What a wonderful night for journalism, at the end of the Academy Awards, to see “Spotlight” honored as best picture. The film shows how the Boston Globe pursued a history of abuse by priests in the region.
Yes, journalism is still being practiced at some of the surviving journals in the United States, the ones that devote precious time and money and staff to finding stuff out, and publishing it.
However, my pride in colleagues is tempered by the realization that not enough people read the information – and opinion – in the surviving fringe of American journalism.
I occasionally talk at colleges and high schools and generally get blank looks from students when I ask how many people read newspapers.
Even on line? I ask. Some nod yes, but cannot give examples. They like things that jump around. But apparently so do their elders.
A frightening swath of Americans seem to think Donald Trump knows how the world works. Because people do not read newspapers, in print or on line, they do not know that he is generally regarded with a shrug and a smile in New York, the town that knows him best. Oh, that guy.
This reality was brought home recently by two articles in The New York Times about Trump’s reputation (marginal) in New York real estate circles, and how he bled investors in a golf resort in Florida.
This is who the guy is; this is how he operates. But unless people delve into the details – that is to say, read – they will never know. This is where we are going.
Here are two stories most of America will never read:
Now Trump is threatening to suppress newspapers when he becomes President. Perhaps he will send his Brown Shirts to crowbar the printing presses.
Here’s another look at Trump, from 1990, by Marie Brenner in Vanity Fair -- the attention-deficit playboy-builder we knew before he unleashed his public bully.
I also recommend two current articles on Hillary Clinton and Libya, stemming from what is obviously weeks of work:
One last thing about journalism: Margaret Sullivan is leaving her post as public editor at the Times to become a media columnist at the Washington Post. In my now-outsider’s opinion, I wish the Times had found a new gig for Sullivan, the best public editor the Times has had.
I hope these links work in your system. If not, the stories are easily looked up. As a proud alumnus, I am glad the Times values its work by charging for it on line. It costs a lot of money for the Times and Globe to cast their spotlight.
The most diabolical aspect of the FIFA election was the little stipulation in the bylaws left behind by Sepp the Devious.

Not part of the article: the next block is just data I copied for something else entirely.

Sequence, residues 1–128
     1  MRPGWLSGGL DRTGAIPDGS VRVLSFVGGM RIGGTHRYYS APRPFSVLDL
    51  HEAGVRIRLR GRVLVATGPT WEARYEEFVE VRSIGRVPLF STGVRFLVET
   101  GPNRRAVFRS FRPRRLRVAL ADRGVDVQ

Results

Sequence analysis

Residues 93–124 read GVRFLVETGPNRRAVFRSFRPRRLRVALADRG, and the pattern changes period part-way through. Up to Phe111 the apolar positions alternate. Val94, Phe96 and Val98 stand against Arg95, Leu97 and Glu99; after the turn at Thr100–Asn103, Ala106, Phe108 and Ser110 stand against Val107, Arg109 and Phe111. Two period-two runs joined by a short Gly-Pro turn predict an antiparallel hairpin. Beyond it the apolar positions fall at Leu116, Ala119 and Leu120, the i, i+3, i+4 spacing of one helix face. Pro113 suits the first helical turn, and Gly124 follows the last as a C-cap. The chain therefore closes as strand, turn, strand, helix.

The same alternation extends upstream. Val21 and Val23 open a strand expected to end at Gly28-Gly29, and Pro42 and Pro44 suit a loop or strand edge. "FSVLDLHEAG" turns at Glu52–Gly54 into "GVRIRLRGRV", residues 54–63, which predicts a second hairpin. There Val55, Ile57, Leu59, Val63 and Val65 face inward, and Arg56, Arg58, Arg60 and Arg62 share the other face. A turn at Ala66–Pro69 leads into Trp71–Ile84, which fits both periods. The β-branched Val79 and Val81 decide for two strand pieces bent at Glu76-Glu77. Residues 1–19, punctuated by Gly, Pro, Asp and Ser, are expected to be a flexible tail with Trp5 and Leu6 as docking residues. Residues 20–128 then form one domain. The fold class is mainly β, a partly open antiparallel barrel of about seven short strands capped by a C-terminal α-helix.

The rules stipulated that any new president must have been active in world football in two of the past five years.
This guaranteed that all five candidates would be insiders, by definition.
Two years of “service” guaranteed that candidates had been in the vicinity of envelopes crammed with American bills, being slipped to some FIFA delegates. . (See: Qatar, 2022.)
Two years of recent “activity” meant that candidates had pondered – or even known -- how Chuck Blazer of New York had afforded that colorful parrot on his shoulder, or lodgings at the Trump Tower and warmer climes, and how Jack Warner of Port of Spain was able to use development money from FIF to build facilities on land belonging to him.
Normal human curiosity might have compelled any FIFA official to ponder, “Hmmm, I wonder how that guy does it.”
For all the new rules for "reform," the two-year rule guaranteed that the lords of FIFA, now under world scrutiny for the first time, could not even dream of hiring a total outsider, somebody who had never cozied up to the elegant troughs of FIFA.
Insurgent members could have gone outside the fraternity and sought out people of broader public service, like Kofi Annan, former Secretary General of the United Nations, or Angela Merkel, nearing the end of her third term as German chancellor. Think big.
Or they could have gone to executives from relatively clean corners of business and sports – Dick Pound of Canada and the IOC and WADA, perhaps, or Dick Ebersol, formerly of NBC, or John Skipper of ESPN, or David Stern, former NBA commissioner, or even Mitt Romney, who did a fine job cleaning out the stables of the Salt Lake City Olympic committee.
Now they have elected Gianni Infantino, whose only flaw may be that he worked with the double-digits’ worth of banned soccer “leaders,” including the suddenly free-for-lunch Sepp Blatter. This is in no way an accusation of Infantino. But if ever an organization needed a thorough hosing down, FIFA was it. And still is.
* * *
One last note: none of this would have happened but for that annoying muckraker from the United Kingdom, Andrew Jennings, who pestered Blatter and his cohorts so much that they tried to ban him from open meetings. Jennings made a lot of charges, some of them ultimately devastatingly accurate. Well done, mate.
We don’t go to the movies much. My main reason for watching the Academy Awards every year is not to root for films I have not seen but rather to watch glamorous women in bright outfits in late February – just as restorative as baseball spring training, if you ask me.
However, my wife and I did pro-actively go to the movies the other day, and were touched by “The Lady in the Van” with Maggie Smith.
The movie works out the question, “Am I my mother’s keeper?” And how far outward that responsibility goes.
The movie is a “mostly true” telling of the woman who parked herself and her foul painted van in the driveway of Alan Bennett in Camden Town, London – for nearly 15 years.
Maggie Smith plays the mysterious homeless woman with a phobia against music. Dame Maggie was not nominated for the Academy Awards on Feb. 28 – a pity, because she commands the screen, without ever camping it up. No winks at the audience as if to say, “Just slumming from Downton Abbey.” Her every facial gesture captures the rage and mystery of the unbalanced.